In the world of green building, can we please pay more attention to where these buildings are going?  (I fear that it will be very difficult as long as it is primarily the building industry that is writing green building standards.)  A building with great green technology that contributes to sprawl is not green, so why do we keep allowing its proponents to claim that it is?  And, while I’m at it, can we stop using rating systems to stamp the green label on everything under the sun until we get this right?  I’m seeing green certifications for stadiums, parking lots, roads - will mountaintop mining be next?

Portland Streetcar (by: EPA Smart Growth)By the way, the opposite is also true:  a “smart” development in the right place is not smart unless it also contains appropriate green features for such things as energy and water efficiency and resource conservation.  And yet you will hardly ever see mention of that in a smart growth agenda.  This is the twenty-first century, people.  It’s about sustainability, not just density and transit.

In the world of revitalization, we know we need to make it more inclusive and involve current community residents more actively in their neighborhoods’ futures.  And I submit that we should also make it more green (literally) and beautiful.  Part of this is so that new development can contribute to the restoration of urban ecosystems; but part of it also is to make our cities and neighborhoods more lovable, for people of all ages.  Right now revitalization is the issue dearest to my heart, and that heart will be broken if we don’t do it in the very best way possible.  In any particular neighborhood, generations will pass before we get another opportunity.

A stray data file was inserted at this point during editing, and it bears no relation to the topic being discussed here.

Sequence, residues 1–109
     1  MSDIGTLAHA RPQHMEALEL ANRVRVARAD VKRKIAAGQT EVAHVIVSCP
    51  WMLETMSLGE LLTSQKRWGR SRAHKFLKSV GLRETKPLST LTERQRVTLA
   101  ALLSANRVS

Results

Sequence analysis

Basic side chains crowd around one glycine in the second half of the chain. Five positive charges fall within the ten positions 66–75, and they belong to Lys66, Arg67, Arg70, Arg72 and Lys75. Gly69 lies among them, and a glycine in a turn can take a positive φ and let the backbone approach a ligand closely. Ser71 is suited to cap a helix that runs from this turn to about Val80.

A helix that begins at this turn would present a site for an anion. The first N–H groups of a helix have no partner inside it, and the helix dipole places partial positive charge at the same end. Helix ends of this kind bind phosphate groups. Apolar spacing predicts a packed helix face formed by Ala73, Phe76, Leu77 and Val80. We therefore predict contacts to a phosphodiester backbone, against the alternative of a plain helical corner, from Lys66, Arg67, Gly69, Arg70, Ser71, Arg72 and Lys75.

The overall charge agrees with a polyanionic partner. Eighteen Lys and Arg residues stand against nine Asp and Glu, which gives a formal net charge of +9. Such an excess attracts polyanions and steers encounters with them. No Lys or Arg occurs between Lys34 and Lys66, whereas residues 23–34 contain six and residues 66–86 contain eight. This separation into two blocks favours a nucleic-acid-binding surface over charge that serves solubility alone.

Now, I’ll grant that writing this mini-manifesto in a few paragraphs leaves a lot of filling in to do, and a lot of facing up to real-world considerations.  I don’t know all the answers, but I do want us to explore them together, all of us in this business of smart urbanism, or whatever we call it.  pathway in smart growth neighborhood (via Livable Streets StreetsWiki)That requires intellectual exploration, and more than a bit of humility.  I sincerely hope our movement can make room for earnest, productive introspection as we continue to move forward, and I can promise you that this blog will.  I cannot thank my readers enough for indulging me in this exercise and these hundreds of posts.

Finally, since this is, after all, a milestone of sorts, I want to thank a few people for allowing me this platform to speak my mind.  First mention has to go to Ian Wilker, the man most responsible for NRDC’s blogging site, who encouraged me from day one.  Others include Phil Gutis, NRDC’s communications director, who has stood by me and supported me, even to a few skeptics; Scott, Kim and Will, who have made the site run and promoted it; and many NRDC and outside colleagues, far too many to name, who help me think.  I expected to have fun doing this, but I did not anticipate how much professional opportunity and influence it would bring for NRDC and for me personally.  Thanks, folks.

Tomorrow: some other bloggers who make me think.